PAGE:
Starting Plants Indoors. The best media for starting seeds is loose, well-drained, fine-textured, low in nutrients, and free of disease-causing fungi, bacteria, and unwanted seeds. Many commercial products meet these requirements. Fill clean containers about 2/3 full with potting medium. Level the medium and moisten it evenly throughout. It should be damp but not soggy. Make a furrow an inch deep. Sow large seed directly in the bottom of the furrow. Before sowing small seed, fill the furrow with vermiculite; sow small seed on the surface of the vermiculite. Seed may be sown in flats following seed package directions or directly in individual peat pots or pellets, two seeds to the pot. After seed is sown, cover all furrows with a thin layer of vermiculite, then water with a fine mist. Place a sheet of plastic over seeded containers and set them in an area away from sunlight where the temperature is between 60 and 75º F. Bottom heat is helpful. As soon as seeds have germinated, remove plastic sheeting and place seedlings in the light. If natural light is poor, fluorescent tubes can be used. Place seedlings close to the tubes. After germination remove the plastic from the container, the new plants need watering and fertilizing, since most planting material contains little or no plant food. Use a mild fertilizer solution after plants have been watered. When seedlings develop two true leaves, thin plants in individual pots to one seedling per pot. Transplant those in flats to other flats, spacing 1 or more inches apart, or to individual pots.

Cover seeds with dry vermiculite, then water carefully
Planting Times. Do not be in a rush to start seeds outdoors or to set out started plants. As a general rule, delay sowing seed of warm-weather annuals outdoors or setting out started plants until after the last frost date. Most such seeds will not germinate well in soils below 60º F. If soil is too cold when seed is sown seeds will remain dormant until soil warms, and may rot instead of germinating. Some cold-loving annuals, like larkspur or Shirley poppies, should be sown in late fall or very early spring.
Sowing Seed Outdoors. Annuals seeded in the garden frequently fail to germinate properly because the surface of the soil cakes and prevents entry of water. To avoid this, sow seed in vermiculite-filled furrows. Make furrows in soil about one inch deep. If soil is dry, water the furrow, then fill it with fine vermiculite and sprinkle with water. Then make another shallow furrow in the vermiculite and sow the seed in this furrow. Sow at the rate recommended on the package. Cover the seed with a layer of vermiculite, and using a nozzle adjusted for a fine mist, water the seeded area thoroughly. Keep the seed bed well-watered or cover with a mulch, such as newspaper, to prevent excess evaporation of water. Remove mulch promptly after germination starts, so that young seedlings will receive adequate sunlight.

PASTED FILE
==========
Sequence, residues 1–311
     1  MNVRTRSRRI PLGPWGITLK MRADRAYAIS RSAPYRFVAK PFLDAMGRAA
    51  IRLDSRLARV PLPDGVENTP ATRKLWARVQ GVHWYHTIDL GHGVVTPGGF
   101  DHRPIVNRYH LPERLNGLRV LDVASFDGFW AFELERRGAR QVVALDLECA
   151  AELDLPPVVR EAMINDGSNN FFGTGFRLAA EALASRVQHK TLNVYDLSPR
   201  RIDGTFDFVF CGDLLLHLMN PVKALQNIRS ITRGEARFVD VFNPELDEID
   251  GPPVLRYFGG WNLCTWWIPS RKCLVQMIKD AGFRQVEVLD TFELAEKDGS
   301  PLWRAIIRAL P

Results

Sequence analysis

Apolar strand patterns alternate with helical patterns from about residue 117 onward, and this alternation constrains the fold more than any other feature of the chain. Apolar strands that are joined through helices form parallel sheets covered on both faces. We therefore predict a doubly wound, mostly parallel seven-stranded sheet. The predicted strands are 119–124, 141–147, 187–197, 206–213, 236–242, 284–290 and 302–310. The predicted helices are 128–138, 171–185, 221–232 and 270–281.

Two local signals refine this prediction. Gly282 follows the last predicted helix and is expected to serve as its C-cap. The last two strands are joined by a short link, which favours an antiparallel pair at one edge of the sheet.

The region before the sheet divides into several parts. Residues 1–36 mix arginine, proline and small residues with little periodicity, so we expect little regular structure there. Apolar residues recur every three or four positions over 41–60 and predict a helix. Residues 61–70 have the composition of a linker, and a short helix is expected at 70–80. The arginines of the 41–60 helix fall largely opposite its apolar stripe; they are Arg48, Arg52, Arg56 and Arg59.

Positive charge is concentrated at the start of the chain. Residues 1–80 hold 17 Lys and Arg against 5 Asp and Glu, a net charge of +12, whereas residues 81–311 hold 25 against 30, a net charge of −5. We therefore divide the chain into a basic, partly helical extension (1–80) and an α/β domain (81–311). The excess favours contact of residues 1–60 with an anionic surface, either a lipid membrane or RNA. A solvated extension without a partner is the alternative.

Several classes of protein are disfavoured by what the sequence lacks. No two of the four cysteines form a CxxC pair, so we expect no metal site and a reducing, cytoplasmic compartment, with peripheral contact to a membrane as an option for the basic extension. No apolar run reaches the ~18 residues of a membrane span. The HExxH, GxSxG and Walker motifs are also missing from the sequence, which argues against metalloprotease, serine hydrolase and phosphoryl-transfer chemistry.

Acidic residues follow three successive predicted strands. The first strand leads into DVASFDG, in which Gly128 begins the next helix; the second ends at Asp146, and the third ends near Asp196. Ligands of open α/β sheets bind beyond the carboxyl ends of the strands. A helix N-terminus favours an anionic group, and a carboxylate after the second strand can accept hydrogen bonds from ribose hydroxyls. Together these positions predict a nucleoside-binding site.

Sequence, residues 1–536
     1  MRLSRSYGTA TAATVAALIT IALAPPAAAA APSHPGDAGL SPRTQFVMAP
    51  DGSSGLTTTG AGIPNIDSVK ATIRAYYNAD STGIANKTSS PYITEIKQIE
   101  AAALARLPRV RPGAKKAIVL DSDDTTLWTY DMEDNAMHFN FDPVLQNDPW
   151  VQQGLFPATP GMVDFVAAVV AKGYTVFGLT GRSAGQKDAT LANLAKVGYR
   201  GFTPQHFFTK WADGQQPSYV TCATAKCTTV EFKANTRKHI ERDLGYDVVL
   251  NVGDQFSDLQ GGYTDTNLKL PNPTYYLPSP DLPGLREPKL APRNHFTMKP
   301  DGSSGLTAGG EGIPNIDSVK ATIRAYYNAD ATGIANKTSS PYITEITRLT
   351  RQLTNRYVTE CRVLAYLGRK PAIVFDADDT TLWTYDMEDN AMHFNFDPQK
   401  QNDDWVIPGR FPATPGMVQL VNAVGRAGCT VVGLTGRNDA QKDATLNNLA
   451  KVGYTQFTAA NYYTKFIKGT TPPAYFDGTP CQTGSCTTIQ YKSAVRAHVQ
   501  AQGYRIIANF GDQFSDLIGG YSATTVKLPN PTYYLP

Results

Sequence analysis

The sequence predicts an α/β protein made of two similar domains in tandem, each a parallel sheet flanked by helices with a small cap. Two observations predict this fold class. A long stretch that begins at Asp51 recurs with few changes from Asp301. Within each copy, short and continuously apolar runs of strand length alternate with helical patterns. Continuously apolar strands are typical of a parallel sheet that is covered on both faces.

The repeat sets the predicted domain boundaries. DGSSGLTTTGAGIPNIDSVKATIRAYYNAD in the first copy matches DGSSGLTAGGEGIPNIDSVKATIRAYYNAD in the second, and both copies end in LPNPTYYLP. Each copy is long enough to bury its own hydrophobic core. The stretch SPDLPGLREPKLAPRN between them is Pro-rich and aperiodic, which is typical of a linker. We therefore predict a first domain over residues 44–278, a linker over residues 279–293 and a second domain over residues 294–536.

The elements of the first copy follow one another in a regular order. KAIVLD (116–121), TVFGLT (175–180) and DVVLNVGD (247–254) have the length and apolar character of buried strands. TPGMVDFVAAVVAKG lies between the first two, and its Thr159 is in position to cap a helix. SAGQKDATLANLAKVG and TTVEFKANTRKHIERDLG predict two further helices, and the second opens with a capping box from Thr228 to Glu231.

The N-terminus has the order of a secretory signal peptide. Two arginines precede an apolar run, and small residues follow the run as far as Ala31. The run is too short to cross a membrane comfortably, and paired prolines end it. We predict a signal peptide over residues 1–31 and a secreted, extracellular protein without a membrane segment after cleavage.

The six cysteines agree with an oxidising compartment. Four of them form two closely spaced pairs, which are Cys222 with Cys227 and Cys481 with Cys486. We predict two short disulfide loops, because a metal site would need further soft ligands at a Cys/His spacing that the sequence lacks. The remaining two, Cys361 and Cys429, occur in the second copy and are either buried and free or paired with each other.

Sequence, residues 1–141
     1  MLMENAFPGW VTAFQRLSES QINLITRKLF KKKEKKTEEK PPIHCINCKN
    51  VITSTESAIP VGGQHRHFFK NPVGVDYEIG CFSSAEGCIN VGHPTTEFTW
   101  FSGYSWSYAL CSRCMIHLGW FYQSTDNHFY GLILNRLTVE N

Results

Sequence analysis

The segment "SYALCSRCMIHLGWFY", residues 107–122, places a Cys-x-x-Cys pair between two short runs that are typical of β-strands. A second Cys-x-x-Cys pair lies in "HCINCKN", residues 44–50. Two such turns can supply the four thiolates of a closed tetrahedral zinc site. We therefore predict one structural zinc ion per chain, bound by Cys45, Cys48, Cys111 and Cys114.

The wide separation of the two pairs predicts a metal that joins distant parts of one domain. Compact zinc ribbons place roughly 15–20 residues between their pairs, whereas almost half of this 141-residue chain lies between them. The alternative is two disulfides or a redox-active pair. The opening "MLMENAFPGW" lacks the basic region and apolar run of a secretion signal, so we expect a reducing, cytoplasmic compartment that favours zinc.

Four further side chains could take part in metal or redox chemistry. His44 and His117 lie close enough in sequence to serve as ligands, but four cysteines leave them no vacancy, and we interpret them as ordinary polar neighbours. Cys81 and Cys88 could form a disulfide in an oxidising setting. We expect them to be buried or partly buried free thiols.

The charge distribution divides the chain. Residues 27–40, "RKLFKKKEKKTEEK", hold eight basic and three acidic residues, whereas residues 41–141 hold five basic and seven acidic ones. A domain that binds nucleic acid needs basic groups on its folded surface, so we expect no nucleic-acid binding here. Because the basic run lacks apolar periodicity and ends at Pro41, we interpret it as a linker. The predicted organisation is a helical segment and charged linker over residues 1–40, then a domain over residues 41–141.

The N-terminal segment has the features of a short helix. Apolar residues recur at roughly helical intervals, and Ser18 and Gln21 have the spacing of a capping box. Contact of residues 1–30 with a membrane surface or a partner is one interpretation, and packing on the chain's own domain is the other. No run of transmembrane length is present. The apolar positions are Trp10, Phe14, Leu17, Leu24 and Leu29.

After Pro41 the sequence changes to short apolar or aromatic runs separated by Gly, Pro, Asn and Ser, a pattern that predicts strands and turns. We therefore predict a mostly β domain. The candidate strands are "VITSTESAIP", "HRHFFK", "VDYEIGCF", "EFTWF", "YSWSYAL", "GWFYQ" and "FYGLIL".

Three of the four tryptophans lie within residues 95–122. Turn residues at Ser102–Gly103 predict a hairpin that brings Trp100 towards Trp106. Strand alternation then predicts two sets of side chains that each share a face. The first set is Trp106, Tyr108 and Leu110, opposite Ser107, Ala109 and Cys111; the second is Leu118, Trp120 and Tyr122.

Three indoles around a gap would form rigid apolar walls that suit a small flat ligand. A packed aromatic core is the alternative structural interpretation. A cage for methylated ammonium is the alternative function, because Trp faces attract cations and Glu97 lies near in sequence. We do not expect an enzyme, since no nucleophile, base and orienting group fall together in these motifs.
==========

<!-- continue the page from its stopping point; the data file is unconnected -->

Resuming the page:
Setting Out Transplants. By setting started plants in the garden you can have a display of flowers several weeks earlier than if you sow seeds of the plants. This is especially useful for annuals (such as verbena and scarlet sage) which germinate slowly or need several months to bloom. You can buy plants of these or other annuals or you can start your own. Buy only healthy plants, free of pests and diseases. Before setting out transplants, harden them off by exposing them to outside conditions during the day which will provide more light and cooler temperatures than they received inside. After the last frost date, annual plants may be set out. Dig a hole for each plant large enough to accept its root system comfortably. Lift out each plant from its flat with a block of soil surrounding its roots. Set the soil block in a planting hole and backfill it so the plant sets at the same level. Irrigate each hole with a starter solution of high phosphate fertilizer which is water-soluble. Follow package directions.
If plants are in fiber pots, remove the paper from the outside of the root mass and set the plant in a prepared planting hole. When setting out plants in peat pots, set the entire pot in the planting hole, but remove the upper edges of the pot so that all of the peat pot is covered when soil is firmed around the transplant. If a lip of the peat pot is exposed above the soil level, it may produce a wick effect, pulling water away from the plant and into the air. After setting the plants, water them with a starter solution as described above. Provide protection against excessive sun, wind, or cold while the plants are getting settled in their new locations. Inverted pots, newspaper tunnels, or cloches can be used.